By studying the genomes of a large group of people who have lived to 100 years and older, a group led by scientists from the Albert Einstein College of Medicine have uncovered rare genetic coding variants linked with longevity and protection against age-related diseases. In the study, which appears in Nature Aging this week, the investigators performed whole-exome sequencing in a cohort of 515 Ashkenazi Jewish centenarians, looking for enriched rare coding variants. They find that most longevity-associated variants converge upon conserved insulin/insulin-like growth factor 1 signaling and AMP-activating protein kinase signaling pathways. They also find that the centenarians have certain pathogenic rare coding variants similar to a control group of Ashkenazi Jews, suggesting that rare variants detected in the conserved longevity pathways are protective against age-related pathology. "The genetic component of extreme human longevity constitutes, at least in part, rare coding variants in pathways that protect against aging, including those that control longevity in model organisms," the authors write. GenomeWeb has more on this, here.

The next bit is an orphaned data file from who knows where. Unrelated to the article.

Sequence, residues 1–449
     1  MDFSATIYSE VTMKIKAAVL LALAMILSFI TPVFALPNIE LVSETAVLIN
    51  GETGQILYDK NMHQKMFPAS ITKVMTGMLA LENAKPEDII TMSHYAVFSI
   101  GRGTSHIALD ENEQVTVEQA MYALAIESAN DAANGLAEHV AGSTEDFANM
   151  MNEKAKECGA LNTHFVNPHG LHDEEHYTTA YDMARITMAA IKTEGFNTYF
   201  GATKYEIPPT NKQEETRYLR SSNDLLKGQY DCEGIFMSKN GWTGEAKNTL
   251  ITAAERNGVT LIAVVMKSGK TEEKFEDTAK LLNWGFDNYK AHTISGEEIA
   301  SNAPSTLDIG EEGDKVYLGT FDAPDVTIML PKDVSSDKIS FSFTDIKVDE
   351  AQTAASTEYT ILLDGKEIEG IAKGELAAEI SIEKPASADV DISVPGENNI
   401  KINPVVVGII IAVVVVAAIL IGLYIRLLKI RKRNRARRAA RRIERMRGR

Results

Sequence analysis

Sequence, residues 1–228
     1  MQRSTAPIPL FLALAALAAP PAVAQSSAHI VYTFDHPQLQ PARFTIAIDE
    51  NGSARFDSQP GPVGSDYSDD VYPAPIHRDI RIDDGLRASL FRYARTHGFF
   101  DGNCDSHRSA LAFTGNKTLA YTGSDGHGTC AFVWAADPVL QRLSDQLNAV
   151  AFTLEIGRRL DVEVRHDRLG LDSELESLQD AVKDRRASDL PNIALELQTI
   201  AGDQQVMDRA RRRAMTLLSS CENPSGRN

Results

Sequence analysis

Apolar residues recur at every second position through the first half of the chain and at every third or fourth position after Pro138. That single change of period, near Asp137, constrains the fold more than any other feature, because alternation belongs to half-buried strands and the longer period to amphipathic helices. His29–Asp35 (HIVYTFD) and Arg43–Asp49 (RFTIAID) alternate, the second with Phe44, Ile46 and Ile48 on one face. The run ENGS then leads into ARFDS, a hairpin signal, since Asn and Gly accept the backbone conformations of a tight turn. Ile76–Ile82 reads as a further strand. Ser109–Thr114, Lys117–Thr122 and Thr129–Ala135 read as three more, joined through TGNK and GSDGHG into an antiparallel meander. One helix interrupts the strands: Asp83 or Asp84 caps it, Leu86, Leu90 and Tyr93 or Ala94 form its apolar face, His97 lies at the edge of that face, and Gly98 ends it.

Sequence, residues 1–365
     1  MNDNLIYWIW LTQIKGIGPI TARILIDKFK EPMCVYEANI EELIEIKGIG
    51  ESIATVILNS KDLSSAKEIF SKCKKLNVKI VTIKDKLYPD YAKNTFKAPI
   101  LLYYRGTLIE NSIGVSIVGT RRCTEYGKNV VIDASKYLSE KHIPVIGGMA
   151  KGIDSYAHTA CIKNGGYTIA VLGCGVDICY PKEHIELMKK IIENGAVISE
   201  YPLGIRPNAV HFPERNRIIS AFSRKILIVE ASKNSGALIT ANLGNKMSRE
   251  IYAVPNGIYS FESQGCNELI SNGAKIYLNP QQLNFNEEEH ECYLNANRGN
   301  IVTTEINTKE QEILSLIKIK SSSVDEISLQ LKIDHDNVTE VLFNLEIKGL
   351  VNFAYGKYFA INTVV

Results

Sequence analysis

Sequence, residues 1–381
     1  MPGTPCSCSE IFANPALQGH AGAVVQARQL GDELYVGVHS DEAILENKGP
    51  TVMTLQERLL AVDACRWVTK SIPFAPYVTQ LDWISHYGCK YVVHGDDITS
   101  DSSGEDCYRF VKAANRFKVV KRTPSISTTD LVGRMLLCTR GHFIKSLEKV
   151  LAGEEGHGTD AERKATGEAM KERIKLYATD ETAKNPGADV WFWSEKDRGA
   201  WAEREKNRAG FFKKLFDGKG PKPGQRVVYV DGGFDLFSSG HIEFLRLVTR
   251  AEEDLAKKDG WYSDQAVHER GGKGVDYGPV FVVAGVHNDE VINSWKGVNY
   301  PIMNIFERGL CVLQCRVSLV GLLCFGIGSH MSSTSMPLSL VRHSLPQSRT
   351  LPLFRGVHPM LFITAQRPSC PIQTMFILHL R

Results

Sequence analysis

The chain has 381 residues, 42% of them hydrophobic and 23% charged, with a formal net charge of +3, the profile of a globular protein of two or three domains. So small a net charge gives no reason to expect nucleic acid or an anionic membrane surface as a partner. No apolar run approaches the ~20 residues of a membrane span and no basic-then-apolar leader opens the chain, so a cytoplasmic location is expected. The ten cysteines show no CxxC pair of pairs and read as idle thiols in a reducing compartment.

The structural basis for transcription-coupled DNA repair (TCR) in human cells is presented in Nature this week, providing new insights into the molecular mechanism underlying this process. TCR is used by eukaryotic cells to remove bulky DNA lesions from the genome and protect cells against ultraviolet irradiation. It begins when RNA polymerase II (Pol II) stalls at a DNA lesion and recruits the Cockayne syndrome protein CSB, the E3 ubiquitin ligase, CRL4CSA, and UV-stimulated scaffold protein A (UVSSA). In the study, scientists from the Max Planck Institute for Biophysical Chemistry used cryo-electron microscopy to resolve five different Pol II elongation complex structures containing CSB, the CSA-DDB1 complex or the complete CRL4CSA, and UVSSA. Combined with published data, these structures provide a model for TCR.